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NZDMO auction sees strong demand; Italian yields rise as Euro rumours swirl

NZDMO auction sees strong demand; Italian yields rise as Euro rumours swirl

Fixed Interest Markets by Kymberly Martin

The DMO auction attracted solid demand. Otherwise it was another fairly quiet day in NZ markets. Overnight US and German 10-year yields diverged.

The DMO auction saw an average 2.4x bid-to-cover ratio for the 900m of bonds offered. A hefty 1.26b of bids were received for 500m of 15s offered, with a successful average yield of 3.48%. The bid tone continued after auction, taking the yield on 15s down to close at 3.45%. The 50m of 21s offered attracted the highest bid-to-cover ratio of 3.3x. The yield on 21s closed down a fraction at 4.67%.

Swap markets were subdued. There has been little in recent days to adjust market expectations for around 30bps of RBNZ rate hikes in the coming year. The 2-year yield continues to consolidate around 3.17%. The 10-year yield dropped 3bps to 4.75%.

Overnight, US 10-year yields showed volatile trading, whipped around by US data releases. Having risen above 2.2%, they then fell sharply after the release of weaker-than-expected continuing jobless claims data. Soon after, they surged higher again when the Philadelphia Fed business outlook survey beat expectations (8.7 vs -9.4 expected). This takes it well off the recession-like nadir of -30 achieved in August. US 10-year yields now trade around 2.18%.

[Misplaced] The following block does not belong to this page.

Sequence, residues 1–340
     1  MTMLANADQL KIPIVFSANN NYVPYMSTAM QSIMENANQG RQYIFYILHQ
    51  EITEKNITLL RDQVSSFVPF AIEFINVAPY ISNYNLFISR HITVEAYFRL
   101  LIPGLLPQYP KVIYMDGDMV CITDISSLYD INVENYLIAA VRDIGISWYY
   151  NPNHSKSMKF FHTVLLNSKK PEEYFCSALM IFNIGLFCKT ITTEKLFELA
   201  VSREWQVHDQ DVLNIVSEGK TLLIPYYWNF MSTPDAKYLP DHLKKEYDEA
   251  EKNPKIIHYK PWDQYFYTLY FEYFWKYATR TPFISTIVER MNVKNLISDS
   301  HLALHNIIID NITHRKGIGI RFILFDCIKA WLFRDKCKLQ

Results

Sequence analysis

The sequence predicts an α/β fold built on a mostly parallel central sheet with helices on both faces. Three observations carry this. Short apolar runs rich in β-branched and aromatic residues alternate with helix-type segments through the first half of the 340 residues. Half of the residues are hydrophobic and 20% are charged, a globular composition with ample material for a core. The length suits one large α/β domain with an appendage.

By contrast, German 10-year yields crept lower overnight to trade just below 2.0%. The market continues to fret over the European debt crisis, as the German government said it would not rule out postponing this weekend’s EU summit. Italian 10-year yields snuck higher to 6.0%, not far off the 6.2% level they reached before the ECB began buying Italian and Spanish bonds in early August.

Today, NZ net migration and credit card spending data will be released. However, expect the market to remain focused on EU discussion headlines.

See our interactive bond rate charts here.

Kymberly Martin is part of the BNZ research team. 

All its research is available here.

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